|RTADVD(8)||FreeBSD System Manager's Manual||RTADVD(8)|
NAMErtadvd — router advertisement daemon
|rtadvd||[ -dDfRs][ -c configfile][ -C ctlsock][ -M ifname][ -p pidfile][ interface ...]|
DESCRIPTIONrtadvd sends router advertisement packets to the specified interfaces. If no interfaces are specified, rtadvd will still run, but will not advertise any routes until interfaces are added using rtadvctl(8).
The program will daemonize itself on invocation. It will then send router advertisement packets periodically, as well as in response to router solicitation messages sent by end hosts.
Router advertisements can be configured on a per-interface basis, as described in rtadvd.conf(5).
If there is no configuration file entry for an interface, or if the configuration file does not exist altogether, rtadvd sets all the parameters to their default values. In particular, rtadvd reads all the interface routes from the routing table and advertises them as on-link prefixes.
rtadvd also watches the routing table. If an interface direct route is added on an advertising interface and no static prefixes are specified by the configuration file, rtadvd adds the corresponding prefix to its advertising list.
Similarly, when an interface direct route is deleted, rtadvd will start advertising the prefixes with zero valid and preferred lifetimes to help the receiving hosts switch to a new prefix when renumbering. Note, however, that the zero valid lifetime cannot invalidate the autoconfigured addresses at a receiving host immediately. According to the specification, the host will retain the address for a certain period, which will typically be two hours. The zero lifetimes rather intend to make the address deprecated, indicating that a new non-deprecated address should be used as the source address of a new connection. This behavior will last for two hours. Then rtadvd will completely remove the prefix from the advertising list, and succeeding advertisements will not contain the prefix information.
Moreover, if the status of an advertising interface changes, rtadvd will start or stop sending router advertisements according to the latest status.
The -s option may be used to disable this behavior; rtadvd will not watch the routing table and the whole functionality described above will be suppressed.
Basically, hosts MUST NOT send Router Advertisement messages at any time (RFC 4861, Section 6.2.3). However, it would sometimes be useful to allow hosts to advertise some parameters such as prefix information and link MTU. Thus, rtadvd can be invoked if router lifetime is explicitly set zero on every advertising interface.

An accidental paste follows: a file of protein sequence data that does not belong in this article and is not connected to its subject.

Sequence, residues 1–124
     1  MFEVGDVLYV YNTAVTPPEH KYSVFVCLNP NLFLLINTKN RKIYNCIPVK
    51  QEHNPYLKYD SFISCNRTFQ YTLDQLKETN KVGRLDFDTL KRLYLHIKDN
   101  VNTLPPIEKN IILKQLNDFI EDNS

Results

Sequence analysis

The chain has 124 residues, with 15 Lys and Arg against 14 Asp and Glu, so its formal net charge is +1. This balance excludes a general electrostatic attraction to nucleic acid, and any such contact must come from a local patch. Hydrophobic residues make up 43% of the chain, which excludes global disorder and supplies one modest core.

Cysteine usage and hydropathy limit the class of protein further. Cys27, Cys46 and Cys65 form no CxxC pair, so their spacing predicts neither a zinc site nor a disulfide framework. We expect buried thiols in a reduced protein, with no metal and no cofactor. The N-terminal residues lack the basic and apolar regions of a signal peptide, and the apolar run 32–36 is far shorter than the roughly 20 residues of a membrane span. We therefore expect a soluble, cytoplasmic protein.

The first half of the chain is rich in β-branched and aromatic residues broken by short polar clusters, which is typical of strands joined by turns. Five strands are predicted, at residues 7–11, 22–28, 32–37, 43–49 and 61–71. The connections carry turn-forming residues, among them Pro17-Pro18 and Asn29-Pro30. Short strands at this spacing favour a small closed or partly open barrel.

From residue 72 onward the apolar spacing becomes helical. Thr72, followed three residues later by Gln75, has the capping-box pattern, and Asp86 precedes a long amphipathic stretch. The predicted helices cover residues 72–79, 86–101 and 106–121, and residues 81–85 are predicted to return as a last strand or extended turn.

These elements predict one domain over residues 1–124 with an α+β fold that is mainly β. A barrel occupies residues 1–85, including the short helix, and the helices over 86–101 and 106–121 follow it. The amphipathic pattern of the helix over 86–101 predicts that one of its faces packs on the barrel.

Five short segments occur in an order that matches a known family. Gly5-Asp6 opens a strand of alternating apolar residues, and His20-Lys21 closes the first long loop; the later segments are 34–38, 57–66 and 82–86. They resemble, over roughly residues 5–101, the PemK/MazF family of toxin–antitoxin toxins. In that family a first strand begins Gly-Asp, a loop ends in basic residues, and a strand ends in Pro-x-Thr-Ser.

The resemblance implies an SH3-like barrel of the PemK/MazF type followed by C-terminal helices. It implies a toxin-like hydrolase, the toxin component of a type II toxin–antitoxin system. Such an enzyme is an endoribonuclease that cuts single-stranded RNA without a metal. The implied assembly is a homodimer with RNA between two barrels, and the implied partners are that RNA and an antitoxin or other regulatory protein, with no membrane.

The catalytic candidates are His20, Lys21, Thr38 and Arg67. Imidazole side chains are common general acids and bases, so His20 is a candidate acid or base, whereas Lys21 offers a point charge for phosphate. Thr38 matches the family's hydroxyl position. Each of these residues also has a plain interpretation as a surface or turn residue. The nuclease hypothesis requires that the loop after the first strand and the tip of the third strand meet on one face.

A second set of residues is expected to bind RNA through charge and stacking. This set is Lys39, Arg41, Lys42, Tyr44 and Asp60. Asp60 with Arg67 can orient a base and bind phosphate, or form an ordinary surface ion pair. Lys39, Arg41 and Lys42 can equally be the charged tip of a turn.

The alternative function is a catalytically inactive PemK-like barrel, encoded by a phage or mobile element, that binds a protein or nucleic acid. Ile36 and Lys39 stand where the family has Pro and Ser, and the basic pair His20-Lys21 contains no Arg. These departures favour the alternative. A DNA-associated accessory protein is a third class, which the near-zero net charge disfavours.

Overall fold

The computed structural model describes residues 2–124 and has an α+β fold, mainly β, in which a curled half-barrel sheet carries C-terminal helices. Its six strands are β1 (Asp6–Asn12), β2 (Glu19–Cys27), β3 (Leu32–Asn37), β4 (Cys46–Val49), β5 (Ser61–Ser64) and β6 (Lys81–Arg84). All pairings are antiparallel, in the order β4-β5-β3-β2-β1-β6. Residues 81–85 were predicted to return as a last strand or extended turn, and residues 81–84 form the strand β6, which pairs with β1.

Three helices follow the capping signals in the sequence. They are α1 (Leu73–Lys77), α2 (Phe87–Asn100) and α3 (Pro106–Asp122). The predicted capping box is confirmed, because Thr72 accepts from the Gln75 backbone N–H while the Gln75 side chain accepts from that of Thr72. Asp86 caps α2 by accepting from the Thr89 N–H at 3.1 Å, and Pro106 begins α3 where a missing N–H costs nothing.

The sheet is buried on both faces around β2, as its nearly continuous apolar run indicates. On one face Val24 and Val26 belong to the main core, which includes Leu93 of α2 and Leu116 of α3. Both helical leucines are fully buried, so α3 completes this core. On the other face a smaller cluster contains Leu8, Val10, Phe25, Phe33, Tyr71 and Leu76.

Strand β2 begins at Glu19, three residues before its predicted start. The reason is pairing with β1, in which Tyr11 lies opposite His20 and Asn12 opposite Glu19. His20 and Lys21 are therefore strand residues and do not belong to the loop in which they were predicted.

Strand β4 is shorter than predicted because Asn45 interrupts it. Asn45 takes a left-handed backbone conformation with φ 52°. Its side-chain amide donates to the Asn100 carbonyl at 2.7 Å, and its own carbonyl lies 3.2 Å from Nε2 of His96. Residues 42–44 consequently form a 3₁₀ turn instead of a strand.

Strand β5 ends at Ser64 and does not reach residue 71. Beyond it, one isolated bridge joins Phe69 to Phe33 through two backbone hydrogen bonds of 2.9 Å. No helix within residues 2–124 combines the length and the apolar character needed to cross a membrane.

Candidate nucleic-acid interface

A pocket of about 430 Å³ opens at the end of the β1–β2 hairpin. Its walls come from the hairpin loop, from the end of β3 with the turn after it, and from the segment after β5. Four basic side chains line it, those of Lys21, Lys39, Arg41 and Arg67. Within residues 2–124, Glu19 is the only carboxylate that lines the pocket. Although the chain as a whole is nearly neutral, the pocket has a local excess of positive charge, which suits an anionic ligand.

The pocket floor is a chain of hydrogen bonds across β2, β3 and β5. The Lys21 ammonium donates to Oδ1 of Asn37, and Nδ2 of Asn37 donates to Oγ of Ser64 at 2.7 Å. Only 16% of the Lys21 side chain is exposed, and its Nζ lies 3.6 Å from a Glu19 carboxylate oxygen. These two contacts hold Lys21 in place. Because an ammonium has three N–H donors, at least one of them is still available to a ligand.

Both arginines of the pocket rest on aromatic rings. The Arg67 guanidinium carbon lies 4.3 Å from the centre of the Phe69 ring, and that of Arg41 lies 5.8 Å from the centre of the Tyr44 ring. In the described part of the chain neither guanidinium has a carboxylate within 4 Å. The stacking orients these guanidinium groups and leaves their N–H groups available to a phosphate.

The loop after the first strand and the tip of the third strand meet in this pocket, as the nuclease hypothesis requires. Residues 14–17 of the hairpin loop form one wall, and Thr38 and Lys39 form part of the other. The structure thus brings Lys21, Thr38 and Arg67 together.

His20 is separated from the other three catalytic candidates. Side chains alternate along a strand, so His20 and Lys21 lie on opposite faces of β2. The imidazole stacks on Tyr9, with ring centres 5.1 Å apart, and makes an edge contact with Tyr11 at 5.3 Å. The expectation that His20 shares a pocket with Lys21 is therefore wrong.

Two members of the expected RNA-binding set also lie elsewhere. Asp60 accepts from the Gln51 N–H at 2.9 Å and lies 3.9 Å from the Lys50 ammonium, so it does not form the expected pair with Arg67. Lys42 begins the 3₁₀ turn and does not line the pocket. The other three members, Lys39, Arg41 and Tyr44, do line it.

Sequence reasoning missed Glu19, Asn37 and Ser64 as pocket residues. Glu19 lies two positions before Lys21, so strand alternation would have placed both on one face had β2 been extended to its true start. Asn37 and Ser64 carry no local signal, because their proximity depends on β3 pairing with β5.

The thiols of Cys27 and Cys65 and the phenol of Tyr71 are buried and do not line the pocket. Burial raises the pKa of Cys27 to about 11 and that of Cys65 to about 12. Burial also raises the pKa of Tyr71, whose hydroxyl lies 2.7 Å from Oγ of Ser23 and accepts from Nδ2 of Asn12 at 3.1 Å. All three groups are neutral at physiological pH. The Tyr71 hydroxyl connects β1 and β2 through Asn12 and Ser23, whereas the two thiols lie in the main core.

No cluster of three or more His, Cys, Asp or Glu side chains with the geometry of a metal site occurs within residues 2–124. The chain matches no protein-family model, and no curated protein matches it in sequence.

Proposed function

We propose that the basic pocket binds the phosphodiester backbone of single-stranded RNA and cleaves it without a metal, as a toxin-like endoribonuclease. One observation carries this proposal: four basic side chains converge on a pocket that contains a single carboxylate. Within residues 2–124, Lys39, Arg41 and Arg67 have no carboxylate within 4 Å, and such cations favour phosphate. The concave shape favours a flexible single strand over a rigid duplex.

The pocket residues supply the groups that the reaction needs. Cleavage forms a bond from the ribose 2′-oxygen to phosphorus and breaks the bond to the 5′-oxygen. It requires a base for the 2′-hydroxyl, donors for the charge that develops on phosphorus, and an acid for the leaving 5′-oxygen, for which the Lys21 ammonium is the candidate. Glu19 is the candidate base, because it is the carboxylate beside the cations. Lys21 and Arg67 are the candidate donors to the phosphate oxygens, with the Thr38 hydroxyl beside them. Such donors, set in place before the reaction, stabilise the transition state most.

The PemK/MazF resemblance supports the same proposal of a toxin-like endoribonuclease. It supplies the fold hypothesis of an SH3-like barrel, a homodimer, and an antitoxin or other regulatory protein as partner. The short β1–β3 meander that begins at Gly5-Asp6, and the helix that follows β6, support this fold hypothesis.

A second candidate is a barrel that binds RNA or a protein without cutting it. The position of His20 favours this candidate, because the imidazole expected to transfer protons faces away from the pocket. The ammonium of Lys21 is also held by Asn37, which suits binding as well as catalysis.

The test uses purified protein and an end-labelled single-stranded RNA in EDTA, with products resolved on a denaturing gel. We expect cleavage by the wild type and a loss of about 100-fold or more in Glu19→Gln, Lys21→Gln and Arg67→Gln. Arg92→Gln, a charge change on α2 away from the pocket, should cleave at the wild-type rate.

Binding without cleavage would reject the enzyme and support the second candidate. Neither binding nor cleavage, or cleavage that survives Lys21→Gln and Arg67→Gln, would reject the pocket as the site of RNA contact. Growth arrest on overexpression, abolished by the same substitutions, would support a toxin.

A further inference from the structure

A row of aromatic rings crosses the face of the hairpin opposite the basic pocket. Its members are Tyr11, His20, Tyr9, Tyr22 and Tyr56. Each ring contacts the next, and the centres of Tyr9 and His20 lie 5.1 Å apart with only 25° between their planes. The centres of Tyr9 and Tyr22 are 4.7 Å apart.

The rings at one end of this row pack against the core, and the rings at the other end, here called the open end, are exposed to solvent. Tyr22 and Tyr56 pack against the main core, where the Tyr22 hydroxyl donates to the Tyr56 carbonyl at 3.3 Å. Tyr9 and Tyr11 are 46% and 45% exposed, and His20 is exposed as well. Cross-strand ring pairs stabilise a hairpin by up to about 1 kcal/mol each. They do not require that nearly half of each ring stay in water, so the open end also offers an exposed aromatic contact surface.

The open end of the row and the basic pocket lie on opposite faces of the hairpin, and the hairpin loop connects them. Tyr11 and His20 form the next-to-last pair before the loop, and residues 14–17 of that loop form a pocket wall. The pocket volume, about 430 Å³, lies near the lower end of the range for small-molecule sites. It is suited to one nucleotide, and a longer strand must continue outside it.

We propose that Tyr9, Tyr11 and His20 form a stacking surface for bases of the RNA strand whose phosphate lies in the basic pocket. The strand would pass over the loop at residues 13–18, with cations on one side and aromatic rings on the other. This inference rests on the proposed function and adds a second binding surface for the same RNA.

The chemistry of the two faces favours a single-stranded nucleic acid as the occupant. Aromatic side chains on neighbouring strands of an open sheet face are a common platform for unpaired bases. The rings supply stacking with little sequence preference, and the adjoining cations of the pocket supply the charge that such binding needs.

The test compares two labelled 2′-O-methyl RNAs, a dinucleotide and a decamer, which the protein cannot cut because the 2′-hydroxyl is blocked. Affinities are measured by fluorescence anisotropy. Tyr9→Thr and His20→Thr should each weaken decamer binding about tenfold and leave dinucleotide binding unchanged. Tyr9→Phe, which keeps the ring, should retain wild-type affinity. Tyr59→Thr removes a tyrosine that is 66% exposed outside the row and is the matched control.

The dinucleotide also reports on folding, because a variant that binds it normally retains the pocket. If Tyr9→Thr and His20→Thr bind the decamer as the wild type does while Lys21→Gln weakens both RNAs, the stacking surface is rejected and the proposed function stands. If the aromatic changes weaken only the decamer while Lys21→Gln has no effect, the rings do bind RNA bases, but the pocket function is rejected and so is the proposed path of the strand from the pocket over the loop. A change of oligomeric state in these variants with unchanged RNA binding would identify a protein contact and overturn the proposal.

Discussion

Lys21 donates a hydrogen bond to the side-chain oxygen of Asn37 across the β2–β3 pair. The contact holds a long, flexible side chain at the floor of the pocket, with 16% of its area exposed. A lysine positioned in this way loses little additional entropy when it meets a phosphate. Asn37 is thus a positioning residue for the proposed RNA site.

The command line options are:
- Specify an alternate location, configfile, for the configuration file. By default, /etc/rtadvd.conf is used.
- Specify an alternate location for the control socket used by rtadvctl(8). The default is /var/run/rtadvd.sock.
- Print debugging information.
- Even more debugging information is printed.
- Foreground mode (useful when debugging). Log messages will be dumped to stderr when this option is specified.
- Specify an interface to join the all-routers site-local multicast group. By default, rtadvd tries to join the first advertising interface appearing on the command line. This option has meaning only with the -R option, which enables routing renumbering protocol support.
- Specify an alternative file in which to store the process ID. The default is /var/run/rtadvd.pid.
- Accept router renumbering requests. If you enable it, certain IPsec setup is suggested for security reasons. This option is currently disabled, and is ignored by rtadvd with a warning message.
- Do not add or delete prefixes dynamically. Only statically configured prefixes, if any, will be advertised.
Use SIGHUP to reload the configuration file /etc/rtadvd.conf. If an invalid parameter is found in the configuration file upon the reload, the entry will be ignored and the old configuration will be used. When parameters in an existing entry are updated, rtadvd will send Router Advertisement messages with the old configuration but zero router lifetime to the interface first, and then start to send a new message.
Use SIGTERM to kill rtadvd gracefully. In this case, rtadvd will transmit router advertisement with router lifetime 0 to all the interfaces (in accordance with RFC 4861 6.2.5).
- The default configuration file.
- The default process ID file.
EXIT STATUSThe rtadvd utility exits 0 on success, and >0 if an error occurs.
SEE ALSOrtadvd.conf(5), rtadvctl(8), rtsol(8)
Thomas Narten, Erik Nordmark, W. A. Simpson, and Hesham Soliman, Neighbor Discovery for IP version 6 (IPv6), RFC 4861.
Thomas Narten, Erik Nordmark, and W. A. Simpson, Neighbor Discovery for IP version 6 (IPv6), RFC 2461 (obsoleted by RFC 4861).
Richard Draves, Default Router Preferences and More-Specific Routes, draft-ietf-ipngwg-router-selection-xx.txt.
J. Jeong, S. Park, L. Beloeil, and S. Madanapalli, IPv6 Router Advertisement Options for DNS Configuration, RFC 6106.
HISTORYThe rtadvd command first appeared in the WIDE Hydrangea IPv6 protocol stack kit.
BUGSThere used to be some text that recommended users not to let rtadvd advertise Router Advertisement messages on an upstream link to avoid undesirable icmp6(4) redirect messages. However, based on the later discussion in the IETF ipng working group, all routers should rather advertise the messages regardless of the network topology, in order to ensure reachability.
|February 25, 2013||FreeBSD|